10 May 2012

Beet Tzatziki

Beets have something of a reputation.  Like broccoli, they are one of the vegetables that people either love or hate.  And, more often than not, I find people that dislike them quite severely.  Even the current President of the US is known for avoiding beets.  But why?  Cooked properly, beets have a lovely sweet, earthy flavor and a gorgeous color.

Perhaps it is the cooking method that is part of the problem.  Most of the time, beets are either pickled (and thus can be too vinegary to enjoy their true taste) or are boiled.  Boiling can very easily yield mushy beets with muted flavors.  An easier way to prepare beets is roasting.  Cut them into wedges, place them on a rimmed baking sheet, drizzle with olive oil and sprinkle with salt and pepper, and roast at 400°F until a fork can be easily inserted.  Easy, pretty quick, and delicious.  I have also read about slicing them and pan frying in a little olive oil, and serving them over tender wilted greens with crumbled feta.  That, to me, sounds absolutely heavenly.

For this recipe, I decided to roast the beets.  I had three medium sized beets on hand, and needed a way to use them up.  So I looked through the various cookbooks I had on hand, and found one that promised to be easy and tasty.  This recipe is from Ana Sortun's Spice: Flavors of the Eastern Mediterranean, which is a wonderful book (that I picked up at the library) that explains much about the spices and herbs used in the Middle East.  I have tried a few other recipes from her book and will post about them in the near future.  It combines beets, yogurt, olive oil, dill, lemon juice and garlic to make a meze dish that will excite your taste buds, provide bright and wonderful color to your table, and bring you and your guests a host of health benefits.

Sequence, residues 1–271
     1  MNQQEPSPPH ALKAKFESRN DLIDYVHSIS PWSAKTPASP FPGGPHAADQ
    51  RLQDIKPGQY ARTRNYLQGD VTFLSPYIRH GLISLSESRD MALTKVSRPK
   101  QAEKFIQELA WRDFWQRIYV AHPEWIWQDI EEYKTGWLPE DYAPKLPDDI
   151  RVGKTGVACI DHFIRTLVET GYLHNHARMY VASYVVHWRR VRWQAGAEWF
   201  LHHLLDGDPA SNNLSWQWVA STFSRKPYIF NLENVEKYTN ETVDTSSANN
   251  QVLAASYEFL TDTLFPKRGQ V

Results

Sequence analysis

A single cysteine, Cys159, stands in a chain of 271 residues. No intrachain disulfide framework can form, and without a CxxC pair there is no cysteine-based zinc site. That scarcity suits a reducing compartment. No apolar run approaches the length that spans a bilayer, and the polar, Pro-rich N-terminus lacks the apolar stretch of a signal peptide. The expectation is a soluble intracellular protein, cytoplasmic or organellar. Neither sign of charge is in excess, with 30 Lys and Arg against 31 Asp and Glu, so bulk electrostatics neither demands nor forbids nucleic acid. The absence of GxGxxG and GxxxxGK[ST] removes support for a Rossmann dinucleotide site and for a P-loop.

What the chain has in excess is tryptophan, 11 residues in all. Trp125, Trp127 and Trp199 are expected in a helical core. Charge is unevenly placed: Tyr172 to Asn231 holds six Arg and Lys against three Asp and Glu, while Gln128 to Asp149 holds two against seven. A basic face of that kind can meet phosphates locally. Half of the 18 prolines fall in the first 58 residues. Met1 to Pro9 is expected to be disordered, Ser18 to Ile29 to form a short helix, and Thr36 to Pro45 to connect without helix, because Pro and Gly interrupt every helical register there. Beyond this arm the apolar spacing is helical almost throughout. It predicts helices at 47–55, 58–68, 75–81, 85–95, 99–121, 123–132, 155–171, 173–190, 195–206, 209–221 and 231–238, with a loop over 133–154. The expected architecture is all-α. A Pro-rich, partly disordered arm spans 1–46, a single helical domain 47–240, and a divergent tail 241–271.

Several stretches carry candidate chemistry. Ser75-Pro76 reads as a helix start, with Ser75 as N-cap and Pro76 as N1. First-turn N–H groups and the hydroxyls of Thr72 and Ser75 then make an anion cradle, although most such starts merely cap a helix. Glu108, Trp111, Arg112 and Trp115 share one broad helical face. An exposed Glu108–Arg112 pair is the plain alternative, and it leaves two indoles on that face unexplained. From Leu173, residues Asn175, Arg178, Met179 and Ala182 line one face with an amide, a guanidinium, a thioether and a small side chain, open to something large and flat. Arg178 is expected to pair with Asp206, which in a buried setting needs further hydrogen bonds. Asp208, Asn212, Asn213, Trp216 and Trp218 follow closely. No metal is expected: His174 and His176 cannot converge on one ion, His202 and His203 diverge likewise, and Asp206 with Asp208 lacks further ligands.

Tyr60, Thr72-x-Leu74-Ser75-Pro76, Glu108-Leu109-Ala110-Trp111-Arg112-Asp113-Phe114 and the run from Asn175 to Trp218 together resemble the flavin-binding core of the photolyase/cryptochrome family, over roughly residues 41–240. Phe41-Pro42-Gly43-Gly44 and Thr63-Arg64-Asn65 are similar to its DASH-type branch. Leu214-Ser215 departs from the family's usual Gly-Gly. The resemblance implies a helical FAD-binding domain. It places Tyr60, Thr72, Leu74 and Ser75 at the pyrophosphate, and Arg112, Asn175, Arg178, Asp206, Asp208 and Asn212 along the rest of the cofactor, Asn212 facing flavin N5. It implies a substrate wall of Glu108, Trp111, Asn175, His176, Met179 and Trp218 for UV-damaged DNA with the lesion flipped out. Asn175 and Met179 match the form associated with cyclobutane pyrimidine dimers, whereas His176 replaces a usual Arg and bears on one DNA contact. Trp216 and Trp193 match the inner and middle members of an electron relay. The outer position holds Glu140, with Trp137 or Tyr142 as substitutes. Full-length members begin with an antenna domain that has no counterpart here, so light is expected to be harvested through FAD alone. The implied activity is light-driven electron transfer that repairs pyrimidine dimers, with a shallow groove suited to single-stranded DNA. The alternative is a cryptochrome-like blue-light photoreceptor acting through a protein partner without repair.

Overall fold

For the Beet Tzatziki, you will need:

for roasting
  • 3 medium beets
  • extra virgin olive oil
  • salt and pepper, to taste
for the tzatziki
  • 1-2 cloves minced garlic
  • 2 teaspoons freshly squeezed lemon juice (about 1/4 lemon)
  • 1 teaspoon salt
  • 1 1/2 cups Greek-style yogurt
  • 1 Tbsp extra virgin olive oil
  • freshly crushed black pepper, to taste
  • 1 Tbsp chopped fresh dill, plus a sprig or two to garnish

To roast the beets, first wash them and trim the root ends off so that the beets will stand without rolling around as much in the pan.
Then rub them with a little olive oil and position them in a small, heavy roasting pan or skillet.  My small cast-iron skillet worked beautifully for this.
Sprinkle them with salt and pepper, pour in a half cup of water and cover with a double layer of foil.  Roast at 400°F for 45 minutes, or until tender when poked with a fork.


Allow the beets to cool, and then using a paper towel, rub the skins off.  Grate the beets directly into a medium-sized bowl using the large holes of a box grater.  My personal suggestion is to use disposable gloves while doing this.  Otherwise, my friends and I have found from personal experience, you will end up with purple hands.  Unless that's the look you're going for, I strongly recommend using gloves.


In the same bowl, combine the yogurt, lemon juice, olive oil, garlic and dill.  Fold the ingredients together and reseason with salt and pepper if necessary.
Ana Sortun includes a tip that I have not used, but you might find useful.  She combines the lemon juice, garlic, and salt in a bowl and lets them stand for about 10 minutes.  According to Sortun, this process "takes some of the heat out of raw garlic".  Given that my husband and I like the heat of raw garlic, I skipped that step.  If you aren't a fan of garlic, you might try this step and see how it works for you.

Serve the beet tzatziki cold or at room temperature and garnish it with fresh dill, if you like.  Seriously, give beets a try!  Can anything possibly be prettier?